This past summer, while touring colonial Philadelphia with the teachers in the Gilder-Lehrman Princeton Seminar, our guide George Boudreau pointed us to an excavation site and said something like, “they started excavating this site last year and began hitting dozens of Baptists.”
The line got a good laugh from the teachers. George was referring to an Arch Street condominium project that is being constructed on the site the First Baptist Church burial ground. The First Baptist Church was founded in 1698.
It now seems that some of those Baptist bones were dumped in a landfill this spring. Archaeologists are furious.
Here is a taste of Elena Gordon’s piece at WHYY-Philadelphia:
The remains of hundreds of people who lived in Philadelphia during the 18th century may have been dumped in a Conshohocken landfill this spring, according to a prominent Philadelphia archaeologist.
“It’s appalling,” said Doug Mooney, president of the Philadelphia Archaeological Forum, after reviewing PMC Property Group’s latest report on its construction and excavation efforts at 218 Arch St.
“It represents a loss of information,” he said. “It represents just a completely callous attitude on the part of the developer.”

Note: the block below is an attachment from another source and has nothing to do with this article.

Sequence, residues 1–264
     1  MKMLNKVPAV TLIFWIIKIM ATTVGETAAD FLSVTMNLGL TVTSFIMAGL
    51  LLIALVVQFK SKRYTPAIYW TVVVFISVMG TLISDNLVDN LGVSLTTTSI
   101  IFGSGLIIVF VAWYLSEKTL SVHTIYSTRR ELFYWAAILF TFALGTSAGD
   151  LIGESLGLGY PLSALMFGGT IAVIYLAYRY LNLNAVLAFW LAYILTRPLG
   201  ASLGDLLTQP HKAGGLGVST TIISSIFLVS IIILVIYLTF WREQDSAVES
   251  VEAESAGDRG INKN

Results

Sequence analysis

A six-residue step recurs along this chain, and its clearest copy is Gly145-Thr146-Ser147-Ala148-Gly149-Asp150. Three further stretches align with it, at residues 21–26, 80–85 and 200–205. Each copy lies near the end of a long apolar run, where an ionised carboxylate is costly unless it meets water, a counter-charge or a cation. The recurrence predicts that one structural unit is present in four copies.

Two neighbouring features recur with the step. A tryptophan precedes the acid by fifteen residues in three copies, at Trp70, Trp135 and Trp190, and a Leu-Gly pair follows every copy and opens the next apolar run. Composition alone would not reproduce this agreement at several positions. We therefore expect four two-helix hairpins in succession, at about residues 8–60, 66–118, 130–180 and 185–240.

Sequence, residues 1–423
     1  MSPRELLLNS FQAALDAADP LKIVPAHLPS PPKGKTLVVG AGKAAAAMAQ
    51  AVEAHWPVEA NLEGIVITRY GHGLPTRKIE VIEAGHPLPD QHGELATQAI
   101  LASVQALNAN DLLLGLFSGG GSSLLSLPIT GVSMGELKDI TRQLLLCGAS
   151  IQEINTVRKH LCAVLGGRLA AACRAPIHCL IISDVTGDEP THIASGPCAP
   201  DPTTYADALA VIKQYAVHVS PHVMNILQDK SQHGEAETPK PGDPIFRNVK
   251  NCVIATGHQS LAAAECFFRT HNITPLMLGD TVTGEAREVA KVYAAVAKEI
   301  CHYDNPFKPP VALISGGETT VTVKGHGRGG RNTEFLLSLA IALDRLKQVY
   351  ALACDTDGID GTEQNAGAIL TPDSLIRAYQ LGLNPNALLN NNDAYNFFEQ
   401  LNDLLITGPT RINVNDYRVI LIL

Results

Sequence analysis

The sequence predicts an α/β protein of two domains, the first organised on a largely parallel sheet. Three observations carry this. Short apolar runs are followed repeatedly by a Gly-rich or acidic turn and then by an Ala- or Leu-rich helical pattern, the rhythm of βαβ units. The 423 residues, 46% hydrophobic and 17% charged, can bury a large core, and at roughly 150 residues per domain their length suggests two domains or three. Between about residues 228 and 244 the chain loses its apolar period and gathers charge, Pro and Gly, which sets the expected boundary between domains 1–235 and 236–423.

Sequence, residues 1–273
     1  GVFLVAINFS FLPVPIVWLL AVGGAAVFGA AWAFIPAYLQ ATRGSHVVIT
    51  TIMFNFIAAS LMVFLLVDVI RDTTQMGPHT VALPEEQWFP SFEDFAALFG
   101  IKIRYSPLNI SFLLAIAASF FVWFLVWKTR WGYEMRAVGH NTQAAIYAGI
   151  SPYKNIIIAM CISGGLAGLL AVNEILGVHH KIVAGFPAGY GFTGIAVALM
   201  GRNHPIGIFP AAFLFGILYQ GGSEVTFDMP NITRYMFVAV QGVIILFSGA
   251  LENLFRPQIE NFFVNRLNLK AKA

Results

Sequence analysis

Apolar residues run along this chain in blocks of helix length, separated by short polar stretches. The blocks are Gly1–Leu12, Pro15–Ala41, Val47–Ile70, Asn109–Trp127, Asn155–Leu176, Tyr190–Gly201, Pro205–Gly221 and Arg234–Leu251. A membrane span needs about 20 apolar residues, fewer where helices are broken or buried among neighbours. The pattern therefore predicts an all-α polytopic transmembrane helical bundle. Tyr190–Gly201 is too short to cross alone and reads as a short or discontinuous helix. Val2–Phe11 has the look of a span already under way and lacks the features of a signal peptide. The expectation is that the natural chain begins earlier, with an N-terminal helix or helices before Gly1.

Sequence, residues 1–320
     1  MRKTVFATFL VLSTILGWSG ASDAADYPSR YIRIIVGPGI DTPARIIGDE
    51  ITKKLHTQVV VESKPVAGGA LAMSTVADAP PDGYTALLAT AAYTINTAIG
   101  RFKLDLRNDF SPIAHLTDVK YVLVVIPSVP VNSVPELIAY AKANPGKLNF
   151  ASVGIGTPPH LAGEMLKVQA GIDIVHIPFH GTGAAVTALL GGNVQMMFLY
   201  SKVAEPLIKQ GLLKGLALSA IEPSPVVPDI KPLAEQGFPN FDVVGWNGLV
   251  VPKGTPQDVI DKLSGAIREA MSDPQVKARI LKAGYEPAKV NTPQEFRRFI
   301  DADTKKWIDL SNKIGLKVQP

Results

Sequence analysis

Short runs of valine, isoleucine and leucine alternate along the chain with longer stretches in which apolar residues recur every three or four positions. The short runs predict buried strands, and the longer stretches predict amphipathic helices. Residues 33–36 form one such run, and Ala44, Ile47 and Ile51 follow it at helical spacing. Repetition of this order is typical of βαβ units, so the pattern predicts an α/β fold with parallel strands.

Mooney made those conclusions based on how much earth was removed to a landfill during construction work in between two periods when archaeologists were collaborating with the developer.
The PMC report does not say that any remains were ever found and transferred to a landfill.
“It didn’t happen,” said PMC vice president Jonathan Stavin, when asked to comment. When remains were first identified, he said, the company immediately contacted the city coroner’s office.
Mooney, meanwhile, said he can “never know with certainty how many burials were removed.” But after reviewing the site maps and details in the report, he said he found “abundant information that you can connect the dots and draw that conclusion.”
Since last fall, the remains of nearly 500 people, some still in crumbling coffins, have been excavated from the Arch Street site, where PMC Property Group has been constructing condominiums. The remains were linked to a Baptist cemetery that was thought to have been moved in the mid-1800s. They are now being studied by volunteer archaeologists from Rutgers University, The Mutter Museum, and the College of New Jersey.
Read the rest here.